Singles Going Steady
his week in singles, Three Doors Down beg for release, T.I. faults us for our ignorance, Fantasia speaks the truth, Eminem sings his daughter a lullaby (her name’s Haylie, by the way), and everyone’s favorite emocore-prog-fusion band takes over the airwaves! All this and the most nauseating song title in years, on this week’s Singles Going Steady!
Ian Mathers: This is much less Bodyguard-era Whitney Houston–and thus better–than “I Believe”. But it’s still nothing spectacular. The relative placidity of the arrangement, just gentle beats and muted, almost music box-esque piano. It’s lovely, and could be the basis for something much better than “Truth Is” actually is.
Matt Chesnut: The dusty, stutter-stop piano loop is a nice touch to an otherwise by-the-numbers R&B; ballad. It looks as though the American Idol franchise is trying to turn it around. All I need is for Ruben Studdard to record something I don’t hate and for Clay Aiken to do a few numbers with the Scissor Sisters.
Andrew Unterberger: Huh? What’s with this new trend of American Idols making songs that don’t suck? After “Sorry 2004,” I thought that was the end, but now we’ve got that great Kelly Clarkson song and this fairly good number from Fantasia. Her voice is still kinda shrill to me, but the tune is impeccable, and the piano hook—near music-box in its delicacy—is simply great. Color me impressed.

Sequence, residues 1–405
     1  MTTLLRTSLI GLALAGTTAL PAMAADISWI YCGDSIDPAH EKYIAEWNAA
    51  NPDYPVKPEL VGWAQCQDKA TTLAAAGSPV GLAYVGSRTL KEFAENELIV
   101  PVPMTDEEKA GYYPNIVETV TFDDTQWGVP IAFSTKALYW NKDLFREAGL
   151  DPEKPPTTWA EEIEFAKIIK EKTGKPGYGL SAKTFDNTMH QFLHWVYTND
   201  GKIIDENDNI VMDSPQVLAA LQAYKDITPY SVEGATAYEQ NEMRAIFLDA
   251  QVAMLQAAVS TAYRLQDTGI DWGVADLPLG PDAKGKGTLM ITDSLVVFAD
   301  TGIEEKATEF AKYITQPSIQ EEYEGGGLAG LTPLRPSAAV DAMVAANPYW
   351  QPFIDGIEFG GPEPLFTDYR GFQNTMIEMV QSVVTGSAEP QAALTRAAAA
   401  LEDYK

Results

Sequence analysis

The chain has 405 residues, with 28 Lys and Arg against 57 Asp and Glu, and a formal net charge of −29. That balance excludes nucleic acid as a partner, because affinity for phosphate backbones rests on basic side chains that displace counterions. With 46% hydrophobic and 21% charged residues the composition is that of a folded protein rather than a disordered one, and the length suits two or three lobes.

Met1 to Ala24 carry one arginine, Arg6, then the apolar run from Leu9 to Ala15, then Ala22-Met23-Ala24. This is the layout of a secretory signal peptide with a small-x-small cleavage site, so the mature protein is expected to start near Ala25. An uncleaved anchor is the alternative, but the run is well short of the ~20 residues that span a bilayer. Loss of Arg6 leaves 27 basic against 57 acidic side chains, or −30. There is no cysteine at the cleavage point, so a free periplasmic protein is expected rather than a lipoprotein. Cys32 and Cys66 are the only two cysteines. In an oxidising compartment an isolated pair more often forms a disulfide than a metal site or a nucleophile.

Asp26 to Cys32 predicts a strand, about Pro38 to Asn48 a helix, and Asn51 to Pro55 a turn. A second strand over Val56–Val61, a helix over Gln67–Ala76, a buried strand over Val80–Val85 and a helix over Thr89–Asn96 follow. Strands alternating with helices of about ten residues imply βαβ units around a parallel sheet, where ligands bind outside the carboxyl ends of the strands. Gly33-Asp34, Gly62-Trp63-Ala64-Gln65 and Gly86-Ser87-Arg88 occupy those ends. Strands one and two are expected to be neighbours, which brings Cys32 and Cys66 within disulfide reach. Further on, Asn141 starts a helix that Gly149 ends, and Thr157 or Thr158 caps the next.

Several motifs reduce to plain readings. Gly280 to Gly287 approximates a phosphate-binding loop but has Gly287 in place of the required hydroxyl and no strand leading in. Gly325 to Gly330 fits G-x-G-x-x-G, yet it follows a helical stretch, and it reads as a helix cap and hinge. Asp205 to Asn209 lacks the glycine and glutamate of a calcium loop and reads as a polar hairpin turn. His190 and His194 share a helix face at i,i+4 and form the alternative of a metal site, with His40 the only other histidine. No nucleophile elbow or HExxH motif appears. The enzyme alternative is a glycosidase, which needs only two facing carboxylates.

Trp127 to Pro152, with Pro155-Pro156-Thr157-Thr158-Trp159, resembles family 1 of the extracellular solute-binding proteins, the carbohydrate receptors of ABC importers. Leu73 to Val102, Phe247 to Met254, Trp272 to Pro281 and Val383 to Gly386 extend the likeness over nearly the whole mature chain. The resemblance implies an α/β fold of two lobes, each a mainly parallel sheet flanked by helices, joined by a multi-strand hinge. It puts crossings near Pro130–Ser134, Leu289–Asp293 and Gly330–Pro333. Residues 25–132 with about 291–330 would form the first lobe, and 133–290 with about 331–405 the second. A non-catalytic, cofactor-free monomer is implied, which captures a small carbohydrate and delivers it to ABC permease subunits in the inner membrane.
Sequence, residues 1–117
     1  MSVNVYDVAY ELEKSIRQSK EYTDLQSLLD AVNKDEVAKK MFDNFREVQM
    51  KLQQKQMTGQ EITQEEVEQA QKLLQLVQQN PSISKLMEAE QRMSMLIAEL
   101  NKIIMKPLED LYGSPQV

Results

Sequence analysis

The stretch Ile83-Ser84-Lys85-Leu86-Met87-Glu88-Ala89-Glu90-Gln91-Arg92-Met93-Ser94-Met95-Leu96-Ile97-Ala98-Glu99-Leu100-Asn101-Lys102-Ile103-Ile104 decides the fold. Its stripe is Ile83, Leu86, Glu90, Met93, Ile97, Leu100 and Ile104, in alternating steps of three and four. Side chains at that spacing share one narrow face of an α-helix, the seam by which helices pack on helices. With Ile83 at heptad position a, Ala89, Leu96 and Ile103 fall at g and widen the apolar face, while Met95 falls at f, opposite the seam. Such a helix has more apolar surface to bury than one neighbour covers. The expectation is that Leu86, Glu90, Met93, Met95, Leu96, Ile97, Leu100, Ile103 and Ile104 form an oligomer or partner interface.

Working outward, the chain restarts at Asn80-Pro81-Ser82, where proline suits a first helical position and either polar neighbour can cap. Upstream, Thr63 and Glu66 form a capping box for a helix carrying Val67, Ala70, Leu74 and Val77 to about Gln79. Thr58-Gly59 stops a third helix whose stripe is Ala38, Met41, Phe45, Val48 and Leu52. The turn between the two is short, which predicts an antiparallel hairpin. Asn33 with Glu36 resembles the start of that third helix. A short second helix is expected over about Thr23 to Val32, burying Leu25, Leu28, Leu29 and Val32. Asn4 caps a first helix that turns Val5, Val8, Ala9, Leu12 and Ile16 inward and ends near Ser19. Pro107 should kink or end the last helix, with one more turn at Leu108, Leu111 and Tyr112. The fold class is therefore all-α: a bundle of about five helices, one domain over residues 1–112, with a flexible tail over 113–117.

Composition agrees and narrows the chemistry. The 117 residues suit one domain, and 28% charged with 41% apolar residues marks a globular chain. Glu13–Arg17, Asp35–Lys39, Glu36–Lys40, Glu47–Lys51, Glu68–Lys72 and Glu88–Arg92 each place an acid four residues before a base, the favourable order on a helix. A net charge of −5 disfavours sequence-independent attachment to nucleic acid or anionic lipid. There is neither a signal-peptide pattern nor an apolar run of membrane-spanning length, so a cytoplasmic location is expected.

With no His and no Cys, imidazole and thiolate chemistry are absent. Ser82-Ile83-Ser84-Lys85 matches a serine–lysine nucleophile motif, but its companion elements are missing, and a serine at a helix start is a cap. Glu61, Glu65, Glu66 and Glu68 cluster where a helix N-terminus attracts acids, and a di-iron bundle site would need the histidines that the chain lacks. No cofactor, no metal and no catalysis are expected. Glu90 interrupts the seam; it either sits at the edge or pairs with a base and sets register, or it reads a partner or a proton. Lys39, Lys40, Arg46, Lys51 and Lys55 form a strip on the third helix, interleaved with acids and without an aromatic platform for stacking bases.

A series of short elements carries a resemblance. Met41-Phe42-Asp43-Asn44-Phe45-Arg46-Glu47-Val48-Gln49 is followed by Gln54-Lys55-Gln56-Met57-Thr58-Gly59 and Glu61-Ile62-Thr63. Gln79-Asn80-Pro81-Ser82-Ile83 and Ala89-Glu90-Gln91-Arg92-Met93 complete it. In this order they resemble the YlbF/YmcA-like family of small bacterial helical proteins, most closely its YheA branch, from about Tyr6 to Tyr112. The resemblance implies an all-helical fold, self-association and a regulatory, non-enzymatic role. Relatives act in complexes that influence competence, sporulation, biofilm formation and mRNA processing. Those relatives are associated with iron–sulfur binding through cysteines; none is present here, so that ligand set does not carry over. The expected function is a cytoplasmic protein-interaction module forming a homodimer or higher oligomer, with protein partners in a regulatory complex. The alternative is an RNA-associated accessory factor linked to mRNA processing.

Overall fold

Erick Bieritz: It’s warm and inviting, and Fantasia carries herself better than some of her Am-Idol predecessors, but the unenthused songwriting and musical backing don’t give her the opportunity to prove she’s actually worthy of that loftiest of titles.
Nate De Young: Hmm. After Kelly Clarkson's emergence as a rocker with "Since You Been Gone," I've held out hope for the rest of those Idoled Americans. But Fantasia is really letting the title down, with "Truth Is." The song has the underwhelming slow-jam style, with the typical twinkling piano and a chorus that begs for definite articles. Meh.